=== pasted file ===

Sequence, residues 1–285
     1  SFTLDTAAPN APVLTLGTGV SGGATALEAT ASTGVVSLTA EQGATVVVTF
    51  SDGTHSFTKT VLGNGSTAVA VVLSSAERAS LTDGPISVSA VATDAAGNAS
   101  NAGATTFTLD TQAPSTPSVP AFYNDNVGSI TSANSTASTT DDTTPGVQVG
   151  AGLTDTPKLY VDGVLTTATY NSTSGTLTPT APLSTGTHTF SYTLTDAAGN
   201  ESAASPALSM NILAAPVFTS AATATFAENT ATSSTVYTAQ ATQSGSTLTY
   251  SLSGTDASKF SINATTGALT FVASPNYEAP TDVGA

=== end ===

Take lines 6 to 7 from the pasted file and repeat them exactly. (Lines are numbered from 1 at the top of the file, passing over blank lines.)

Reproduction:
   201  ESAASPALSM NILAAPVFTS AATATFAENT ATSSTVYTAQ ATQSGSTLTY
   251  SLSGTDASKF SINATTGALT FVASPNYEAP TDVGA